Sunday, April 30, 2017

Leanne Dyck and other authors reading on Mayne Island

I'm pleased to report that Mayne Island's literati is alive and well. In fact, we had a ball on Saturday, April 27, 2017, when local authors entertained a small but devoted audience. There was something for every reader from children's literature to romance to mysteries to...

Inspired by her granddaughter, Livia Wolfs, Dorothy Peters wrote the delightfully altruistic picture book Tomorrow, When I'm Bigger. Dorothy also read from her memoir for adults:  Daughters of the House of Jacob:  A Memoir of Migration.

 Prolific author D.R. Graham talked about her many titles and captivated us by reading from a manuscript she's currently working on. It's set on Mayne Island. I want to write more about it...but I won't.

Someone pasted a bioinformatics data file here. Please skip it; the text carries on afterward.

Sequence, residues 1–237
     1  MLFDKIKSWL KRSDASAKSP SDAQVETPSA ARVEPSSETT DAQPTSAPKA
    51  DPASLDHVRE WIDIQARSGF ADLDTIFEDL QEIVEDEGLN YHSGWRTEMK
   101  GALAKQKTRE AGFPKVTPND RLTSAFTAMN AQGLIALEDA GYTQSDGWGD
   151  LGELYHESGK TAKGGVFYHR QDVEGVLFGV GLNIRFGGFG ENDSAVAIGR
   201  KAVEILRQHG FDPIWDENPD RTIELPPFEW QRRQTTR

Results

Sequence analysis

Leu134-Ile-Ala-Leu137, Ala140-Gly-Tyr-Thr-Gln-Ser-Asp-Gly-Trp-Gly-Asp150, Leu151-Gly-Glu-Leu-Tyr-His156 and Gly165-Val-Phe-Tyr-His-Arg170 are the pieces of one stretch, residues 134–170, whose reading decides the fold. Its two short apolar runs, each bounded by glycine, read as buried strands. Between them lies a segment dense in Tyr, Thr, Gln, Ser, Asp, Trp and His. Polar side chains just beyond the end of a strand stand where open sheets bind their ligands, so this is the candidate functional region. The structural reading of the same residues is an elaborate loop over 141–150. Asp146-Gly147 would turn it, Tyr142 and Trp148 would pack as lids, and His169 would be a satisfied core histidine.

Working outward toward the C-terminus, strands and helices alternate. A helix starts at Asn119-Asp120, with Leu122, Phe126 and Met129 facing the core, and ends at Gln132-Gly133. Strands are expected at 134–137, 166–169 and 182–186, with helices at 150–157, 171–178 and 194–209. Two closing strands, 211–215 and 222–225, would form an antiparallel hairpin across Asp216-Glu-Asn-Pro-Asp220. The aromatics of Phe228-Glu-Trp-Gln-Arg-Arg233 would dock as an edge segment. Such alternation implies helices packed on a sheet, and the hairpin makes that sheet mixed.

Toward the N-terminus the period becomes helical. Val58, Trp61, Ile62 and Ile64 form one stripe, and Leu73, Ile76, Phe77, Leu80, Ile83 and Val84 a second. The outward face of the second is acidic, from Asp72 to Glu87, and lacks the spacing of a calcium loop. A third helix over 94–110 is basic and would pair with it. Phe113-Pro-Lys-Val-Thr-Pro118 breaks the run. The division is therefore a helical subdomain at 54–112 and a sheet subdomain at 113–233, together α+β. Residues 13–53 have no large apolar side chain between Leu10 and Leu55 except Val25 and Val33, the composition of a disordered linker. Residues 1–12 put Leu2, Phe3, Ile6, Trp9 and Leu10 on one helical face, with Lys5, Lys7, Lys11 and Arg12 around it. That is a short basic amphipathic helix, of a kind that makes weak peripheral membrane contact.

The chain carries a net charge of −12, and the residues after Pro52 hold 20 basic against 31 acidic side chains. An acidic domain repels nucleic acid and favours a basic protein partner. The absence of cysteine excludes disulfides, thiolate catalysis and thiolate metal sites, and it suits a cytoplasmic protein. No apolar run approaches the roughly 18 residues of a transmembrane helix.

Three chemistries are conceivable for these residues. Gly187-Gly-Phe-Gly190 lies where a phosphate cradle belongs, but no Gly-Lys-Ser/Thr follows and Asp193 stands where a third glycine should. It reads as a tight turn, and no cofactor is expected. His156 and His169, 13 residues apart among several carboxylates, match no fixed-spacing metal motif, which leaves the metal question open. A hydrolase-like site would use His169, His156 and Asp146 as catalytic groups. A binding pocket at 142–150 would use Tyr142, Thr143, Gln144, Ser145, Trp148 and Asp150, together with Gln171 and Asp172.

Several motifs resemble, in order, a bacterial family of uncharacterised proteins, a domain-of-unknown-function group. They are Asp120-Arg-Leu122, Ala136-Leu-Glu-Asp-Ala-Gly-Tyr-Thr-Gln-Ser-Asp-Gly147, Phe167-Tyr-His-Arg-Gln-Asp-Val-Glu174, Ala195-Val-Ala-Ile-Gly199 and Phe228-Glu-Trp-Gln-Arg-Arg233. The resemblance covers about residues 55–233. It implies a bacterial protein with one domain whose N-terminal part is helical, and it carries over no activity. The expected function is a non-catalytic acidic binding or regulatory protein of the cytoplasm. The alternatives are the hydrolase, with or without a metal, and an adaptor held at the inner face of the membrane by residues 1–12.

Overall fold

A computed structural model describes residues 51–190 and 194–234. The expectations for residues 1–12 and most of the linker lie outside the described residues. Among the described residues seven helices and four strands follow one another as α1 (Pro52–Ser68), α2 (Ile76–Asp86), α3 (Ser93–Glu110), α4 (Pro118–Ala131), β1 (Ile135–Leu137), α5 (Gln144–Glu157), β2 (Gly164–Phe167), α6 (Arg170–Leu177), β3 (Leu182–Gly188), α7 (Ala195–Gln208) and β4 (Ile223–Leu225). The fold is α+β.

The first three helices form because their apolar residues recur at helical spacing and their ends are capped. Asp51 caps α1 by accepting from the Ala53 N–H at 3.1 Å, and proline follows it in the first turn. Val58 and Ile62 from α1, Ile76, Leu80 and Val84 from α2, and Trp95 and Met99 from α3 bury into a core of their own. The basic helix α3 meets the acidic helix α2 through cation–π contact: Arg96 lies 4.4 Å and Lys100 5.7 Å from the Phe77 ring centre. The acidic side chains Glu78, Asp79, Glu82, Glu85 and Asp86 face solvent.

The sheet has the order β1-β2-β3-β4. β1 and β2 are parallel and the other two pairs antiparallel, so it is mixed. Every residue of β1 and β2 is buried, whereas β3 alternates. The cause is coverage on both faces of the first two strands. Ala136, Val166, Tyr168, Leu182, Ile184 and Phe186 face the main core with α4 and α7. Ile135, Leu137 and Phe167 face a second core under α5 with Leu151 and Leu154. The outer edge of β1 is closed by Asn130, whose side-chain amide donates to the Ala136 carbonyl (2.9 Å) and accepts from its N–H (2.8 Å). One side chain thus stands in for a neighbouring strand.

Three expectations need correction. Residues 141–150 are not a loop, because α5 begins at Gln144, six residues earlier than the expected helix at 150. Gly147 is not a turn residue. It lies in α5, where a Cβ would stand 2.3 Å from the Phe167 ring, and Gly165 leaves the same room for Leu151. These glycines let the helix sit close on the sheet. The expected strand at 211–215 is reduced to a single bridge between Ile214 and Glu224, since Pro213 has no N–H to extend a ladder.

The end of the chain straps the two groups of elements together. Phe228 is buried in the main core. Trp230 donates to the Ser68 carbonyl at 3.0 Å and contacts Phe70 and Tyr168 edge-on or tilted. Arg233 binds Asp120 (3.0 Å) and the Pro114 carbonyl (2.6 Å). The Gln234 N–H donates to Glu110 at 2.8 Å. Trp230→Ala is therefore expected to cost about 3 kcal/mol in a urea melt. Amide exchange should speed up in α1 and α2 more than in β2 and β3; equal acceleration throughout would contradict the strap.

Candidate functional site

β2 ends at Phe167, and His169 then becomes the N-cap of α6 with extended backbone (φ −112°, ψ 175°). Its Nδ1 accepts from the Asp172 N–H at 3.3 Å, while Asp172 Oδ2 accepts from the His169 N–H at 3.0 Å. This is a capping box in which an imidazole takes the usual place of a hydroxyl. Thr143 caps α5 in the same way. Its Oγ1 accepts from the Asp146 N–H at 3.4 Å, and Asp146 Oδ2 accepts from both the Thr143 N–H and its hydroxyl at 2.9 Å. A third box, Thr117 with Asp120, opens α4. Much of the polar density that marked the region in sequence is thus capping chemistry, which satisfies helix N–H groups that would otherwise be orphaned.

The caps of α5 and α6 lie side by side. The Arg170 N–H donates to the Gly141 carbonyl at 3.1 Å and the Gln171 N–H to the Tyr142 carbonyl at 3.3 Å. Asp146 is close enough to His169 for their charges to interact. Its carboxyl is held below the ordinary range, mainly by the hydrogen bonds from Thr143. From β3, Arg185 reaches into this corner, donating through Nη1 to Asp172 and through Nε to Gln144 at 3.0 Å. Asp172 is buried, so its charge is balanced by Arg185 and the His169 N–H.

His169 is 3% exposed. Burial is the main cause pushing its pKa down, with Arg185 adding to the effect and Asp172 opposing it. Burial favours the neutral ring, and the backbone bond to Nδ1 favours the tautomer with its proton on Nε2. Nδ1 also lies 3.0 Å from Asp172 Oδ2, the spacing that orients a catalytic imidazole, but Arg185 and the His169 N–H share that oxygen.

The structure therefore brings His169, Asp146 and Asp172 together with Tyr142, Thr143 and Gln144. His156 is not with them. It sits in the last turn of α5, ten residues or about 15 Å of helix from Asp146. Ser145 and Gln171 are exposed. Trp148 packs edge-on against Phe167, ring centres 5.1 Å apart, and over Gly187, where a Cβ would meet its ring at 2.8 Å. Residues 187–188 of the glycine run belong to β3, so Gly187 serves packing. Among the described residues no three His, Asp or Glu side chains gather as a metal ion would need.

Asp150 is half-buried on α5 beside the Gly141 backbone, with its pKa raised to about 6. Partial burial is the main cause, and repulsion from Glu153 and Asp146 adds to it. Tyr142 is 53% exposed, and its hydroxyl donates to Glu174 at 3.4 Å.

Fans of Amber Harvey's Mary Magdalene Summer series (Magda's Mayne Island Mystery, Mayne Island Aliens, Mayne Island Skeletons, Magda's Mysterious Stranger) will be pleased to note that Amber is working on the next book in the series. She read from the opening chapters.


There was more 

Arlene Pare

her latest book:  He Leaves His Face in the Funeral Car 
(a book of poetry)

Grant Buday

Jack Schofield

but... Well, I have to admit it was all a little too much for this hermit. Inspired,  I had to leave early to return to my writer's cave.

Here's some of what I said before I left...

I'd like to thank the library for this opportunity to share my writing. What have I been doing since the last Festival Active Pass on Mayne Island in 2015?